If you do any research at all as a part of your annual planning process, you’re going to see a lot of people trying to determine what the “next big thing” in marketing is. And that’s fine—it’s important for you to keep up with what’s new in your industry and your market, and what’s new in marketing generally. But there is no silver bullet, no perfect tactic that’s going to work for everyone.
Instead, what you need to do is take a step back—assess where your business is, and determine where you want it to go, not just next year, but beyond. In this video, Consulting Director Ashley Booth explains how.
Annual planning isn’t just about next year
It may seem counter-intuitive, but annual planning needs to go beyond 2022. Shorter-term thinking—even a year ahead—can lead to more emphasis on tactics than strategy, and what you really need to do is figure out how to take your business where you want it going in the longer term.
Set out space for an in-depth strategy session; when we do this at Element Three, it’s usually about half a day. Get out of the tactics and channels and think about your business’ bigger picture issues. Are you unhappy with your brand? Unsure about the right audiences to target? Are you ready to launch a new product or expand into a new market? Make these decisions first. Then determine what needs to happen over the next three years to solve these issues.
Everything you do needs to ladder up to where you want to go, and that journey shouldn’t happen in one-year fits and starts. Planning in three-year increments will get you farther, and you’ll take a smarter path to get there.
And remember: not every part of this is going to be sexy. There’s a lot of behind-the-scenes stuff like your tech stack and your CRM, analytics and attribution, that will help take you to the next level. Don’t neglect the foundations in favor of a cool new paint job.
Who’s going to do the work, and how?
As you’re doing your three-year planning, two of the most important considerations are budget and personnel. No strategy, no matter how smart, is going to bear fruit if the right people aren’t on the job, or if they lack the resources to do it right.
But just knowing the numbers isn’t enough. Let’s say you have a marketing budget of $500k. What does that mean, exactly? Is it just for media spend and partner fees? Does it include technology costs? Personnel and payroll? What actual working dollars do you have available, and how can you make the most of them?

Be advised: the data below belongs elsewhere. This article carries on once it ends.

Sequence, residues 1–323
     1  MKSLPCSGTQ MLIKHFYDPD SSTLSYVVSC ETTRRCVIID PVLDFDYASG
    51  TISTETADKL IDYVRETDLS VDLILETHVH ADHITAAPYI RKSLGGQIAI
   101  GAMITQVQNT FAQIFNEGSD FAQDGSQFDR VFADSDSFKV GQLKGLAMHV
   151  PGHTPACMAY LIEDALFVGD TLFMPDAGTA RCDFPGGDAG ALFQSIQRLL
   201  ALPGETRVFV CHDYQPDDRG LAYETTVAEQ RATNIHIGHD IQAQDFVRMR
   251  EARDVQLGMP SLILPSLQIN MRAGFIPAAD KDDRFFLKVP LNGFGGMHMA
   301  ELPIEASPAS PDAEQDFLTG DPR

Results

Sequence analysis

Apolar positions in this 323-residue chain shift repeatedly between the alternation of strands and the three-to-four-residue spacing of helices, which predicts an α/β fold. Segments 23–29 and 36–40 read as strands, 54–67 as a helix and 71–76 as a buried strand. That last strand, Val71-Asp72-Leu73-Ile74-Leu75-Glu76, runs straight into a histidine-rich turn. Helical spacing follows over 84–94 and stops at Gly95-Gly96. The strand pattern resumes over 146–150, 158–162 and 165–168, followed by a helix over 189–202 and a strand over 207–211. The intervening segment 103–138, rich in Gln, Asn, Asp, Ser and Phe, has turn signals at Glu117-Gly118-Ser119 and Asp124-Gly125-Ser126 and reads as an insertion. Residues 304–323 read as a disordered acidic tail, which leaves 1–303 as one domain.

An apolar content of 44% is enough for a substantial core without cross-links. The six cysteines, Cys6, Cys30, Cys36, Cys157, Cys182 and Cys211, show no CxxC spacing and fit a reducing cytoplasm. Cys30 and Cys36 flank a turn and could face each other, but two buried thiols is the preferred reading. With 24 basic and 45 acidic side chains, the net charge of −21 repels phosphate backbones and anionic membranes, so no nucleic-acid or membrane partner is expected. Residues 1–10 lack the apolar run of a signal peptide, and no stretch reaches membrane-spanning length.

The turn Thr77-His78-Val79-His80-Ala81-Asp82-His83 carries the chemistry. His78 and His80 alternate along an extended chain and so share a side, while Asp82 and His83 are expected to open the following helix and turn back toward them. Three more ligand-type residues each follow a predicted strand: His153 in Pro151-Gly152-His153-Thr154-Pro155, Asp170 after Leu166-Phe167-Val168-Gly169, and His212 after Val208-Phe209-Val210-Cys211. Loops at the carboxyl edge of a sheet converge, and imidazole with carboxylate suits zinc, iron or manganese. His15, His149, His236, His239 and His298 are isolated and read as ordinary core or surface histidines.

The same goes for your people. You might have no marketing team available at all; you might have a cast of 30 marketing professionals. Who’s available to help, and what are they uniquely qualified to do? What gaps exist, and how can they be filled? The smaller your team, the more likely it is that you’ll have those gaps, of course, but don’t assume just because you have a larger team that can’t still mean you need to look into augmenting them.
At this point you should have a pretty good idea of what needs to get done. The main question to answer is: do you have the team and resources needed to do it? And if not, can you get them, or do you need to set less aggressive goals?
Can getting an outside perspective help?
The short answer is “usually, yes.” You might not feel like it’s time for your business to take the plunge and hire a full-time consultant, but that doesn’t mean you can’t seek outside help.
Talk to people. Talk to your peers, the other business leaders you interact with. See what they’re dealing with and how they’re seeing the business and marketing landscapes, and how that compares to what you’re experiencing. Talk to people within your business who don’t handle marketing. Learn what they’re experiencing on a daily basis, so your strategy can be more easily grounded in the needs of the business as a whole, not just what marketing wants to do.
And, of course, especially if your business is at or near a growth tipping point, that full-time consultant might actually be the best way forward. It requires an investment, but the return on that investment can be huge.
Your future is about more than the next 12 months
Trying to turn “annual planning” into a three-year cycle may seem daunting, but it allows you to ensure that everything you do this year leads to consistent success going forward—not disjointed year-by-year stops and starts. Don’t put on your blinders and focus only on the coming year, but also don’t allow yourself to get overwhelmed. Think about your business’ big picture, the place you want to be several years down the road. Pick around three major goals that you want to achieve, and map out how to get from where you are now to achieving those goals. And devote 2022 to taking the smartest steps you can towards your ideal future.
Thomas fills a few roles at E3—writer, editor, and resident European soccer expert—but his chief responsibility is content creation. When he's not crafting thoughtful content for the Element Three blog, he's captaining our kickball team, watching the Mets, or talking up Indianapolis to anyone who will listen.
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